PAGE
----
The US city of Detroit may be forced to auction off its world-famous art collection having declared bankruptcy earlier this month.
Experts estimate the collection at approximately $2.5bn - a sizable chunk of the city's $18bn debt.
Including works by Dutch masters Vincent Van Gogh and Rembrandt Harmenszoon van Rijn, as well as valuable post impressionist paintings by Paul Cezanne and Paul Gauguin, the collection may well become a bargaining tool during negations with creditors.
"We haven't proposed selling any asset. But we haven't taken any asset off the table. We can't. We cannot negotiate in good faith with our creditors by taking assets off the table," city spokesperson Bill Nowling told the New York Times.
The outstanding art collection is housed in the city's impressive Beaux-Arts museum - a rare cultural hot spot amid abandoned buildings and beleaguered streets.
Among exceptional works by Pieter Brueghel the Elder and Diego Rivera, the first ever puppet used on popular children's television programme Howdy Doody can also be found.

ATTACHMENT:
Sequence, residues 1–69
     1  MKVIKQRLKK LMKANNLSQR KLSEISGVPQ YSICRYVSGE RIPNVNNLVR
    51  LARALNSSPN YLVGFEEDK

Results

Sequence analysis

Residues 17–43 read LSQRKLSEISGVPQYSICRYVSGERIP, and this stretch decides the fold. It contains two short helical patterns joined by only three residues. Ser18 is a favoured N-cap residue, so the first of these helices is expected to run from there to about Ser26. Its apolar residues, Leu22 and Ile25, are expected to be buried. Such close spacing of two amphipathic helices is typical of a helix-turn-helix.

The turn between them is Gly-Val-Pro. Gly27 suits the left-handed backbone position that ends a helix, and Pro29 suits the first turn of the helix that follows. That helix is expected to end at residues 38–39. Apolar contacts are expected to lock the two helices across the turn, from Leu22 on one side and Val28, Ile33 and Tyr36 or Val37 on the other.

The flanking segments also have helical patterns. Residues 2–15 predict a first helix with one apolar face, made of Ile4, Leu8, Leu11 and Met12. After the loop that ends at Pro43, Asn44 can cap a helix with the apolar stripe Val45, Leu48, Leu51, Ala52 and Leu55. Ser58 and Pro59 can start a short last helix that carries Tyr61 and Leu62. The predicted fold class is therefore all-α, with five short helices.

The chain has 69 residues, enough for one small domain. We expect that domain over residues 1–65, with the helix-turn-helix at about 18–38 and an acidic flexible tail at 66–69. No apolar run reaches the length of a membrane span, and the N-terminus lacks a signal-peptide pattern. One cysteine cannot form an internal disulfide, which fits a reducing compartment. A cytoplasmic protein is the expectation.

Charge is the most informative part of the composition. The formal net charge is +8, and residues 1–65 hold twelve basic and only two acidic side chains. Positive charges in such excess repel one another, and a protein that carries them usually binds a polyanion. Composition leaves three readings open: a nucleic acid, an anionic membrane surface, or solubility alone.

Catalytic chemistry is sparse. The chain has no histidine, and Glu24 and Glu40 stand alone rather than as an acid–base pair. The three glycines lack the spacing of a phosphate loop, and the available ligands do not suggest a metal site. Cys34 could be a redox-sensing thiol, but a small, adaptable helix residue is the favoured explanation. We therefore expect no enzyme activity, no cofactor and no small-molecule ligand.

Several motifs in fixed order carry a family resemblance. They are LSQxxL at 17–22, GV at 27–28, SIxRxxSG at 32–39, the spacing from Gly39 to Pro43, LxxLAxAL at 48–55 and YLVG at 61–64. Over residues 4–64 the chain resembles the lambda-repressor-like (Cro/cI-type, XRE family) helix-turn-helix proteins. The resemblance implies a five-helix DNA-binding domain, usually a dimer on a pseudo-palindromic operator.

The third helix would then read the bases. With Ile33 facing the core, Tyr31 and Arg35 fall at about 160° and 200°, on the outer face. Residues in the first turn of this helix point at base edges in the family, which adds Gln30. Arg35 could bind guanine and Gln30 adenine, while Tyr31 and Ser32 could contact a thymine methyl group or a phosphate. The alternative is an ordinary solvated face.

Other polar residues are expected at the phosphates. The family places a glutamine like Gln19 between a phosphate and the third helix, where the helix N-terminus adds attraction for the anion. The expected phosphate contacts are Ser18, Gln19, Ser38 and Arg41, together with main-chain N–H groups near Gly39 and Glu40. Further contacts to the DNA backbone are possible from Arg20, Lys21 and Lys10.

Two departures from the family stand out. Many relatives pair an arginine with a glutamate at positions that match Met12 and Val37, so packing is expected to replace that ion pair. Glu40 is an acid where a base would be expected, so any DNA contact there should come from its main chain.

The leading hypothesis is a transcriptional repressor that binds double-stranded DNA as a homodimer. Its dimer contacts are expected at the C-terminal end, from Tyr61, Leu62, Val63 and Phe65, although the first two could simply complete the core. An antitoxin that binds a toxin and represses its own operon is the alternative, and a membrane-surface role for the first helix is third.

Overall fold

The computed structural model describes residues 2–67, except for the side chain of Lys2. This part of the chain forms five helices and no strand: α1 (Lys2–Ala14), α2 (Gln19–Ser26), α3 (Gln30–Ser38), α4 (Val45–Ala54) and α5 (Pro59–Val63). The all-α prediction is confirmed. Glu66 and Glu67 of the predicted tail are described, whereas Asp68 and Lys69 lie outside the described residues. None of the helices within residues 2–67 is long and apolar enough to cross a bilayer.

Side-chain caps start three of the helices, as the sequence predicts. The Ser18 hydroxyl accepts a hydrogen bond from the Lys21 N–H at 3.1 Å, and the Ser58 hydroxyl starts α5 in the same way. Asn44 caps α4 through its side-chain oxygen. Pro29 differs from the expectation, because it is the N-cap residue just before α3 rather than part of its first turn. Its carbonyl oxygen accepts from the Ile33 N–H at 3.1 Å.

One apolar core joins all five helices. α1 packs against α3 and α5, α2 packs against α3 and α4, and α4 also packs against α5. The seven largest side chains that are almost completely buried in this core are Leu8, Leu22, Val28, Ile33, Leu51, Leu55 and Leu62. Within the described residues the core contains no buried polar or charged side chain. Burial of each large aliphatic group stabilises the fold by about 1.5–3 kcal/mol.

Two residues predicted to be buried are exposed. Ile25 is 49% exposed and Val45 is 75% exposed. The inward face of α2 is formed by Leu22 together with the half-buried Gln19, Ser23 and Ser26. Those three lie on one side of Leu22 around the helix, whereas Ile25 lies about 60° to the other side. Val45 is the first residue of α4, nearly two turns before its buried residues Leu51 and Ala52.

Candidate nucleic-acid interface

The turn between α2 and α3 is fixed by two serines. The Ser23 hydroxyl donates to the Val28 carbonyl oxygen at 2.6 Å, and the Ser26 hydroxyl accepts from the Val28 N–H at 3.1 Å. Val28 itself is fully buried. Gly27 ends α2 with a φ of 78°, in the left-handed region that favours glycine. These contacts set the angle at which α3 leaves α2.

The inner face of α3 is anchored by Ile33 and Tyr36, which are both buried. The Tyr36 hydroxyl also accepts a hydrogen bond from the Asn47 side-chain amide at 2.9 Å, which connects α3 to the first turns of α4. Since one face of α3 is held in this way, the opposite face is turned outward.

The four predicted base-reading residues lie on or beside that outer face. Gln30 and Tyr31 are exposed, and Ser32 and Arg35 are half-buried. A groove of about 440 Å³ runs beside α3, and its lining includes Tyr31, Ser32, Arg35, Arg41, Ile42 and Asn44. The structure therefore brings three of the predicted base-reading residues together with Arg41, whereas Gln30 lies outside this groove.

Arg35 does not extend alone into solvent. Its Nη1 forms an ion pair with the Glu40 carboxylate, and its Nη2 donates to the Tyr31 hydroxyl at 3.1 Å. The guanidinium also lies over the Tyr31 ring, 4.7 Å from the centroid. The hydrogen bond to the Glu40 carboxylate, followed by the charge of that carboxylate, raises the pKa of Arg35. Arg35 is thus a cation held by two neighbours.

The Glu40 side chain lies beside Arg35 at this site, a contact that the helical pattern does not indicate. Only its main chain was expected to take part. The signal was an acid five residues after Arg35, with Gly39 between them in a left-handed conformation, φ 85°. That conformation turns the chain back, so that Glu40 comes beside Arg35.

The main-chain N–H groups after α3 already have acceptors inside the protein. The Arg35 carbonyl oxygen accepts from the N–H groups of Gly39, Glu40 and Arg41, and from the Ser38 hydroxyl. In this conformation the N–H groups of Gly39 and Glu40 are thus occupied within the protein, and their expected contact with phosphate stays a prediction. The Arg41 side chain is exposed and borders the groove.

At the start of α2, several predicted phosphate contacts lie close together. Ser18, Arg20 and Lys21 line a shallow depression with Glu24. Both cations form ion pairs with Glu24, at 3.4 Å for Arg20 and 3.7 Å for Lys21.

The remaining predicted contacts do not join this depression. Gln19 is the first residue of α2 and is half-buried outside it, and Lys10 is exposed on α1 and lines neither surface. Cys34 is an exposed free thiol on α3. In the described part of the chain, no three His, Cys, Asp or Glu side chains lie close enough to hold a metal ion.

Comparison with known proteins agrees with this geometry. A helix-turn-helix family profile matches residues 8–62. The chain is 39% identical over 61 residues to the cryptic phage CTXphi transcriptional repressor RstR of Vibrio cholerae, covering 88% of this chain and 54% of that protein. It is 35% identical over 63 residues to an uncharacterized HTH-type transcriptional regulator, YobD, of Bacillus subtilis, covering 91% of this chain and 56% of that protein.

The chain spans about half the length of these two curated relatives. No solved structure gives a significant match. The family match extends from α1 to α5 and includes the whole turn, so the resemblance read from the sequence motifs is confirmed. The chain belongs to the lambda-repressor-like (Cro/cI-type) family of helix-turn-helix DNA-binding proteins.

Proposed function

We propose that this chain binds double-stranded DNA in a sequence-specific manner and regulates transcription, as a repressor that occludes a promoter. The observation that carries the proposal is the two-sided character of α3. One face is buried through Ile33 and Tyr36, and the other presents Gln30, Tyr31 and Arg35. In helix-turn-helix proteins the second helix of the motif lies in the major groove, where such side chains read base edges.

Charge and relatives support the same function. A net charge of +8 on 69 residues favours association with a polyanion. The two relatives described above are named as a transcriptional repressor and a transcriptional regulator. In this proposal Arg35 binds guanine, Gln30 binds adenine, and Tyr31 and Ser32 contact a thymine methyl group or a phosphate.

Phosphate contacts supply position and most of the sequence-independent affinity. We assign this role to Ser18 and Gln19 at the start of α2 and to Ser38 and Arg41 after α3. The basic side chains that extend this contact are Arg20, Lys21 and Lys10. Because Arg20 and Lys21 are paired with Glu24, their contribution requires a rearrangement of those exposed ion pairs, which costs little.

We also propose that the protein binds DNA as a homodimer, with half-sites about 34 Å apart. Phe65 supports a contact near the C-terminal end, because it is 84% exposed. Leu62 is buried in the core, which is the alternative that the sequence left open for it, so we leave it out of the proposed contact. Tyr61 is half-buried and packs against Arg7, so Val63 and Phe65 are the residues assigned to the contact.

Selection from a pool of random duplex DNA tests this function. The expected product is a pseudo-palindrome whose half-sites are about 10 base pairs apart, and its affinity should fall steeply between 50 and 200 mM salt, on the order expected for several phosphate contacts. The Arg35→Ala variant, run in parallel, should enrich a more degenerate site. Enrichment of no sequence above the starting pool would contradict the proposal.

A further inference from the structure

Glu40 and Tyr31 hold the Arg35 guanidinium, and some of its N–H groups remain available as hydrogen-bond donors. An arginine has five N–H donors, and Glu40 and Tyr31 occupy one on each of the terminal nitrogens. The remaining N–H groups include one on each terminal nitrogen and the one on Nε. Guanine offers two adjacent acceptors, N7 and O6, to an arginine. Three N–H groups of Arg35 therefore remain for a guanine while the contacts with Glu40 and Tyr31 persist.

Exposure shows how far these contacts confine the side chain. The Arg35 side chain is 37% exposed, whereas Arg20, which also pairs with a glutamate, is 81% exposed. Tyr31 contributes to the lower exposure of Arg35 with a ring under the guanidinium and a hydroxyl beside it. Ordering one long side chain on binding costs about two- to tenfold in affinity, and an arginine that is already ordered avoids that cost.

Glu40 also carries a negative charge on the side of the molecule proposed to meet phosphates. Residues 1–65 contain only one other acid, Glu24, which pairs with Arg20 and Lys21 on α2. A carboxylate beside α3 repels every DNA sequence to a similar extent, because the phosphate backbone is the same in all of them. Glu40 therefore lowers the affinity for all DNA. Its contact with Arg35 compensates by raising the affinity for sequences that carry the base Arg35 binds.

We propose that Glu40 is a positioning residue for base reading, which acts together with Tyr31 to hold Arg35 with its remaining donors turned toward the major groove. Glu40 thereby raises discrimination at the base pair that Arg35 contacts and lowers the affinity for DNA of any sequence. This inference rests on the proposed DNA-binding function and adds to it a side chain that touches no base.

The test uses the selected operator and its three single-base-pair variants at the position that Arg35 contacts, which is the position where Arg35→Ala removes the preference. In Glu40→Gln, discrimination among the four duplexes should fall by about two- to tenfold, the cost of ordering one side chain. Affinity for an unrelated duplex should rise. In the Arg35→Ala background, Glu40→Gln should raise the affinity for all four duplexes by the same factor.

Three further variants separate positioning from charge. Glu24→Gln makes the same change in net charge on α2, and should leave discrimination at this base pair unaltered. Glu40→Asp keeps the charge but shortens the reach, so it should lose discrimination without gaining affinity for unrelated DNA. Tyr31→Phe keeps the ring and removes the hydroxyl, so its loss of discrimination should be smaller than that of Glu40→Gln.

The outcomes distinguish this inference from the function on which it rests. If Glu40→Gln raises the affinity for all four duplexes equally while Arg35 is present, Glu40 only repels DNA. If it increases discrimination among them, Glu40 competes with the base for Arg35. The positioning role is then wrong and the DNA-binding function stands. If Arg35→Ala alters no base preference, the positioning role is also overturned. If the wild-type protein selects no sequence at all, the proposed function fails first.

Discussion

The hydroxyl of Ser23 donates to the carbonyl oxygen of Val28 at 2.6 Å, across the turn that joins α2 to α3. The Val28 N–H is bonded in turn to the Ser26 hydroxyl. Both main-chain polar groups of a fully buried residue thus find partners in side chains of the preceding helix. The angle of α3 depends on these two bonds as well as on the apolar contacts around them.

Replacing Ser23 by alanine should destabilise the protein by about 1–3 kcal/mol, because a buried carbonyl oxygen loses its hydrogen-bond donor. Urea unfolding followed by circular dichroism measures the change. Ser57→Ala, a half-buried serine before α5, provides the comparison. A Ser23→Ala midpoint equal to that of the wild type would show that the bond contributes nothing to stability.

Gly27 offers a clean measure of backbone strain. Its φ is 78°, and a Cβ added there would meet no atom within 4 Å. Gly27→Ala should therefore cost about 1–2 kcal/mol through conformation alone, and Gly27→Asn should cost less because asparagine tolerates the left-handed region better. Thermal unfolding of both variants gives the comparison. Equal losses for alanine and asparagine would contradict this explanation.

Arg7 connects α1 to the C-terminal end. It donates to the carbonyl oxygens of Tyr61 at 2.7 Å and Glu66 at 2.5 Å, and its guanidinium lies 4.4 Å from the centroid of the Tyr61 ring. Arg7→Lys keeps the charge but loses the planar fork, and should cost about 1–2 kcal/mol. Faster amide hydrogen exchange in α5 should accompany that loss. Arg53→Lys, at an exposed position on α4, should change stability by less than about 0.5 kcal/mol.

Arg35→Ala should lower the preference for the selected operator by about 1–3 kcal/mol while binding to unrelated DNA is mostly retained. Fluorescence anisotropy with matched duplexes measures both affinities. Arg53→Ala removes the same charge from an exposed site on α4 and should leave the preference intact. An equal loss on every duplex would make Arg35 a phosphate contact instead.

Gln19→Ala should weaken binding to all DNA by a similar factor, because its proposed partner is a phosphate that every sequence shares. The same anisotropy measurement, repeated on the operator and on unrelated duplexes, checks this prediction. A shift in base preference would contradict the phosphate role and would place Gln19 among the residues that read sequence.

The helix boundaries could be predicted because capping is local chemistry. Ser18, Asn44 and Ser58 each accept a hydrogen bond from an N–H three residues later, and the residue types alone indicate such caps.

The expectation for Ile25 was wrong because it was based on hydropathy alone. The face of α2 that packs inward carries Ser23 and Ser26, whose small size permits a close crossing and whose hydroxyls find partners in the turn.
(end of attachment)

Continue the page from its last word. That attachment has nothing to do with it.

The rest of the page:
Attempts to liquidate the collection could be met with considerable fury. In a city blighted by crime and unemployment, the Beaux-Arts museum is a beacon of excellence, which still draws wary residents downtown.
Earlier this month, Harrisburg, another debt-ridden US city, auctioned off swathes of Wild West memorabilia accrued by former city mayor Stephen Reed.
Here at Paul Fraser Collectibles, we have a number of art and photography treasures in stock.
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